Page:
The book club met yesterday morning to talk about The Good Lord Bird by James McBride. The discussion was spirited and far-reaching, including discussions of current events as well as the historical realities of John Brown’s time.
One of the most interesting parts of the discussion revolved around comparisons to Huckleberry Finn, which many reviews have noted. Some of the book clubbers thought this was a valid comparison, given the dialect, the humor, and the satire, but some didn’t quite see it.
One book club member brought a biography of John Brown in order to talk about the accuracy of the book’s portrayal of Brown. Most of the broad strokes of Brown’s life were true to all accounts, but some of the specific actions of secondary characters were embellished or completely created by McBride.
Because this book was based on real events and real people, we also discussed some of the additional secondary characters, such as Harriet Tubman and Frederick Douglass. Douglass does not get a particularly positive treatment in the book, but we discovered no basis in reality for these descriptions. Continue reading
Join us on Wednesday, July 15 at 10AM for a discussion of The Good Lord Bird by James McBride
Mistaken for a girl on account of his curly hair, delicate features, and sackcloth smock, 12-year-old slave Henry Shackleford realizes that his accidental disguise affords him greater safety and decides to remain female. Dubbed “Little Onion” by his liberator, abolitionist John Brown, Henry accompanies the increasingly fanatical Brown on his crusade to end slavery — a picaresque journey that takes them from Bloody Kansas to Rochester, New York, where they attempt to enlist the support of such notables as Frederick Douglass and Harriet Tubman before embarking on the infamous, ill-fated 1859 raid on Harpers Ferry. — from NoveList
Join us on Wednesday, June 17 at 10AM for a discussion of We Were Liars by E. Lockhart
Spending the summers on her family’s private island off the coast of Massachusetts with her cousins and a special boy named Gat, teenaged Cadence struggles to remember what happened during her fifteenth summer – from Novelist
Today we met at the Morris County Library to discuss the sci-fi classic Kindred by Octavia Butler. We had several new Book Clubbers, and it was a really fascinating hour and a half. We started by talking about why Butler chose to take a modern (well, modern in the 1970s) woman and transport her back to the Antebellum south, instead of just writing a more straightforward slave narrative. Some people didn’t feel like that worked for them; they didn’t like the time travel because it wasn’t realistic. Once we discovered how she came up with the idea of this novel, however, most of the book club members appreciated her reasoning, even if they still didn’t necessarily think it worked. As she stated in an interview:
I wanted to take a character, when I did Kindred, back in time to some of the things our ancestors had to go through, and see if that character survived so very well with the knowledge of the present in her head.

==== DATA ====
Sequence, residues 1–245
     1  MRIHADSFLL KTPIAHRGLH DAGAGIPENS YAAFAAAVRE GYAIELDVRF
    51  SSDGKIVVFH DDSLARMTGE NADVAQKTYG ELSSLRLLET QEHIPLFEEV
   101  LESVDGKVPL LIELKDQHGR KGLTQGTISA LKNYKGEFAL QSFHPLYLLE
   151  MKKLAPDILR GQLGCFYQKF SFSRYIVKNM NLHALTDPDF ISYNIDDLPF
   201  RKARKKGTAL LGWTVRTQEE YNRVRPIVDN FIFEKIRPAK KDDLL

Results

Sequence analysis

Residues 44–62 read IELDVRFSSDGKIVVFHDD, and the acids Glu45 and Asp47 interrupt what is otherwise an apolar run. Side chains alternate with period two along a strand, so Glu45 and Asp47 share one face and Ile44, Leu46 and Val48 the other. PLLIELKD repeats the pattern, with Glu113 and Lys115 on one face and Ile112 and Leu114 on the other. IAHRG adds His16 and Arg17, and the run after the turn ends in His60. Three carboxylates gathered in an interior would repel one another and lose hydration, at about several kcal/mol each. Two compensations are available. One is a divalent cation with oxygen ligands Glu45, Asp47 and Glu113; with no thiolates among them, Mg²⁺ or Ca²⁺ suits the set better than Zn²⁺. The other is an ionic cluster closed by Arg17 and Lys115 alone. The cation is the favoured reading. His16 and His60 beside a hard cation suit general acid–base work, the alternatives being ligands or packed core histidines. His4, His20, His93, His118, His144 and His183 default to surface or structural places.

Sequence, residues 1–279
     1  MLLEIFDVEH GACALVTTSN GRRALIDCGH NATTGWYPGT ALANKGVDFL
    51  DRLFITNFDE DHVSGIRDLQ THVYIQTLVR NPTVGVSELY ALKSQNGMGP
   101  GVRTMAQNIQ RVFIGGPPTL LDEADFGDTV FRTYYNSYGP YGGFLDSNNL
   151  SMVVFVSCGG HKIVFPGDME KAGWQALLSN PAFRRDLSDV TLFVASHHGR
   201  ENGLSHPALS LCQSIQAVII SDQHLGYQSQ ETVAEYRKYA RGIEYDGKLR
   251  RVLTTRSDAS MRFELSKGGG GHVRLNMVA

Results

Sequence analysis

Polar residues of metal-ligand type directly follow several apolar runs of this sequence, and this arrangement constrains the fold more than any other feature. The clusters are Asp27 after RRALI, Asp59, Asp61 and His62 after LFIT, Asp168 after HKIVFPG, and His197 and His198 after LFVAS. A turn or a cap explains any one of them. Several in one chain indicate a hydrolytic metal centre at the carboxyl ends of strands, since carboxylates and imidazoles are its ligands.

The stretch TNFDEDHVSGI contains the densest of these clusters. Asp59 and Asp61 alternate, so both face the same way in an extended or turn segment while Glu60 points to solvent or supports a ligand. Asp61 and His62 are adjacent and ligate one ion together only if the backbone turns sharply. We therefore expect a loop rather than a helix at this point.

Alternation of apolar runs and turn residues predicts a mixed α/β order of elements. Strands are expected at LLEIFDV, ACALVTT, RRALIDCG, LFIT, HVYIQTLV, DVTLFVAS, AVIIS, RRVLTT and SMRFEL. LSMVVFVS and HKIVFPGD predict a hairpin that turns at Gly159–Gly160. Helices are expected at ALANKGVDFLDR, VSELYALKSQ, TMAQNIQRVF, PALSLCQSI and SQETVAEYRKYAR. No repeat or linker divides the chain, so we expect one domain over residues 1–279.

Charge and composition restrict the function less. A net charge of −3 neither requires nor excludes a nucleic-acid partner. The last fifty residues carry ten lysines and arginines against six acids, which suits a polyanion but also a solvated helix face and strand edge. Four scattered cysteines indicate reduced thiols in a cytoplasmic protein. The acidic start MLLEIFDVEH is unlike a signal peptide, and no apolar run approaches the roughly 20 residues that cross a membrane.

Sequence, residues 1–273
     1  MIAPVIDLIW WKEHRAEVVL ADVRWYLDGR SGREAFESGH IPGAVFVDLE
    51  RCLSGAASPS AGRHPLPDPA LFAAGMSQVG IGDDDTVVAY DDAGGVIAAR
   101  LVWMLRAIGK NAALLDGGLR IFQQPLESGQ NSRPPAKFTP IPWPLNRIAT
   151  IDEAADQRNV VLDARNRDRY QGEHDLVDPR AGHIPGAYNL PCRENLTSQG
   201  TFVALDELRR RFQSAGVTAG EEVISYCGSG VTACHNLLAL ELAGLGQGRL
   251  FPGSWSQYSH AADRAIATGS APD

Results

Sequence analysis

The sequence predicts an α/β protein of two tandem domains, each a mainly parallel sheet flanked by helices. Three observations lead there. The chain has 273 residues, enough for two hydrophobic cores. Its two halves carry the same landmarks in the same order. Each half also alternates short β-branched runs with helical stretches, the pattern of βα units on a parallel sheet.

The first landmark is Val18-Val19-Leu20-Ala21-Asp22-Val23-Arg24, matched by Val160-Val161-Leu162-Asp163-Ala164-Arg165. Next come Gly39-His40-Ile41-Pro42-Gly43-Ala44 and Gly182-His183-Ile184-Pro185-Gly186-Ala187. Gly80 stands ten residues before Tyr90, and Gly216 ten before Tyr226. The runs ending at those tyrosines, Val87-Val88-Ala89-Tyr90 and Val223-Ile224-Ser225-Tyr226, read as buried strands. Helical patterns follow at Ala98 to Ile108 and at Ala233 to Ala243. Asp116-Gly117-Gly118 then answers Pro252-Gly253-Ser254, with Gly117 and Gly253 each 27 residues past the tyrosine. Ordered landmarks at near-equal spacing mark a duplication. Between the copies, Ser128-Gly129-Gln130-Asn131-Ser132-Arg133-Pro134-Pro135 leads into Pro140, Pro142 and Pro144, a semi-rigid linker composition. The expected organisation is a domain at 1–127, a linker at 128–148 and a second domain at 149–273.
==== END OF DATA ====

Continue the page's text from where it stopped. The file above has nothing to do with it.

Join us on Wednesday, May 20 at 10AM for a discussion of Kindred by Octavia Butler.
Dana, a modern black woman, is celebrating her twenty-sixth birthday with her new husband when she is snatched abruptly from her home in California and transported to the antebellum South. Rufus, the white son of a plantation owner, is drowning, and Dana has been summoned to save him. Dana is drawn back repeatedly through time to the slave quarters, and each time the stay grows longer, more arduous, and more dangerous until it is uncertain whether or not Dana’s life will end, long before it has a chance to begin. — from Goodreads
This morning we had a very interesting discussion on the book Someone by Alice McDermott. Many of our regular Book Clubbers found it a great read. Even those who thought it somewhat disjointed gave it three stars (out of five), but for the first time, we had more than one person rating it a five star book! So congratulations, Ms. McDermott. Rave reviews!
A lot of the discussion revolved around the meaning of vision and sight. Marie has had problems with her eyesight her entire life. This lack of ability to see clearly is echoed in the many relationships Marie has – including her brother Gabe, her parents, and Walter, among others.
On a related note, we talked about the meaning of people falling throughout the book. Not only does the book begin and end with the story of Pegeen and her fatal fall, but several other characters take serious tumbles throughout the novel.
Don’t forget to stop by the Morris County Book Club this Wednesday, April 15, at 10:00 am. We’ll be talking about Alice McDermott’s Someone.
This book has won a lot of awards, among them:
It’s going to be a great discussion. Once your taxes are done (they are done, aren’t they?), spend a little quality time talking with all of us about this extraordinary book about an ordinary woman.